Overtime pay shouldn’t punish rural economies
Income inequality has emerged as a major theme for Democrats in this midterm election year, with President Barack Obama appealing to working-class sensibilities by advocating for a higher hourly minimum wage and expansion of overtime pay.
If there’s an area of the country that knows something about income inequality, it’s western Colorado, where wages have traditionally lagged behind the Front Range. The annual average wage in Mesa County is $39,821, well below the statewide average of $51,000, the Grand Junction Area Chamber of Commerce reported in its “2014 Business Update.”
But the same forces that create a drag on wages here could make it exceedingly cumbersome for local employers to pay more overtime. If the state elects to enforce Obama’s proposed overtime changes, we hope state lawmakers and labor officials consider the disproportionate impact those changes could have on rural communities.
Earlier this month, the president ordered federal regulators to update overtime rules and create overtime-eligibility guidelines that would be more stringent than those in place.
The proposed changes would it make it harder for employers to deny overtime to workers based on “exemptions.” Certain kinds of workers are exempt from being paid overtime — those who both meet minimum salary thresholds and also exercise a certain level of authority, such as supervising two or more employees.
The changes would affect legions of workers who are ineligible for overtime pay under current conditions because they are designated as management, even when they have little or no supervisory responsibilities. Some make as little as $24,000 a year.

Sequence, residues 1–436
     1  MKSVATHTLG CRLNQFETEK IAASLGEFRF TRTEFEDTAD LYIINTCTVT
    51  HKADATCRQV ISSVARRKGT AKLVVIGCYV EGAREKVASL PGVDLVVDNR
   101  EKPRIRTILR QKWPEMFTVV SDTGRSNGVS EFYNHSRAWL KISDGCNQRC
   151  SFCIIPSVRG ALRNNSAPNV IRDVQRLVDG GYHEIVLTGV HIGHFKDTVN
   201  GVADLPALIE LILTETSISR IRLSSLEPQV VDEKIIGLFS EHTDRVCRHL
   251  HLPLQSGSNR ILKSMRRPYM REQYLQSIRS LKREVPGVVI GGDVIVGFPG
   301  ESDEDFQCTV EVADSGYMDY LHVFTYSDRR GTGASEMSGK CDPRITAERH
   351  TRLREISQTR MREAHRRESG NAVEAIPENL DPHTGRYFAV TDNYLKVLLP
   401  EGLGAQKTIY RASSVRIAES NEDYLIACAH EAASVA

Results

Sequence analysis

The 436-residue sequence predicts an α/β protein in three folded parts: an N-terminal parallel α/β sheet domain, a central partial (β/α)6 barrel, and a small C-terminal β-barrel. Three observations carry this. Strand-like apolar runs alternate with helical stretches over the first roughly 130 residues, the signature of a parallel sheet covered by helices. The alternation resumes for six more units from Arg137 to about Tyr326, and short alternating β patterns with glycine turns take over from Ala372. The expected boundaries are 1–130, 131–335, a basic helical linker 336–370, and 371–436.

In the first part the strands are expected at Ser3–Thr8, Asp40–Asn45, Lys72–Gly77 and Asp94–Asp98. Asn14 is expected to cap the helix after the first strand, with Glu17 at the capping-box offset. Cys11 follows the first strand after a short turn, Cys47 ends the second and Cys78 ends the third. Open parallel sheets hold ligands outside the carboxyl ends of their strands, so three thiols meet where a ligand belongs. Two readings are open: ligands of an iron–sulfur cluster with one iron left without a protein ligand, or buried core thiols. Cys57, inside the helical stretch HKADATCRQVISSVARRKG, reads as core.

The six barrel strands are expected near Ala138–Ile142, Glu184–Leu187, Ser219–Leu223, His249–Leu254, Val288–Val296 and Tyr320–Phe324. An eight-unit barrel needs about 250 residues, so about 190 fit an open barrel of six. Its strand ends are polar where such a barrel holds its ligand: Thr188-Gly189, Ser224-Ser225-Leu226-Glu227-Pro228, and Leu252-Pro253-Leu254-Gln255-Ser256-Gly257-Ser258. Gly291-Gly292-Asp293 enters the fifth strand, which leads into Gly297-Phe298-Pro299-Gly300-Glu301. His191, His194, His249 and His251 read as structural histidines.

Many employers regard overtime pay as verboten. Some abuses occur under the current system. Many employees are incorrectly categorized as exempt, allowing business owners to withhold overtime pay otherwise due to them. That’s wrong. The Colorado Department of Labor announced two wage decisions since January that required business owners to pay hundreds of thousands of dollars to employees who were incorrectly categorized as exempt.
The changes the president is proposing would force employers to pay as much as $48,000 a year to preserve an employee’s “exempt” status. Or employers could avoid overtime by managing workers’ hours so that they never exceed 40 hours a week.
Many pro-business organizations are accusing the president of meddling in the workplace and promoting policies that will restrict economic growth and possibly lead to job losses. But at a time when the stock market has soared, we think it’s not unreasonable to safeguard the interests of workers — so long as regulations aren’t imposed unilaterally.
Delta’s economy isn’t Denver’s. It’s one thing for a Fortune 500 company to callously squeeze worker productivity to the max by exploiting overtime exemptions in the interest of shareholder profits. It’s quite another for a feed-store owner to utilize the overtime exemption to gain the flexibility to stay in business.
There has to be some recognition that the types of jobs and wages available in Western Slope communities don’t necessarily reflect state or national conditions. We think some tiered structure that would allow for a lower minimum salary in certain areas would meet the intent of Obama’s proposal without encumbering small business.
The issue is complex, as The Daily Sentinel’s Greg Ruland reported in the business section’s lead story on Thursday. It will take up to a year or more for Obama’s order to emerge from a federal policy review process. Changes in federal wage and hour rules don’t require the state of Colorado to follow suit, although it likely would, according to Grand Junction lawyer Michael Santo, who specializes in labor law. If Colorado doesn’t adopt the federal standards, it could be problematic from an enforcement standpoint.
The Grand Junction Area Chamber of Commerce hasn’t taken a position on the issue yet. But the chamber is expected to refer the issue to its governmental affairs committee soon.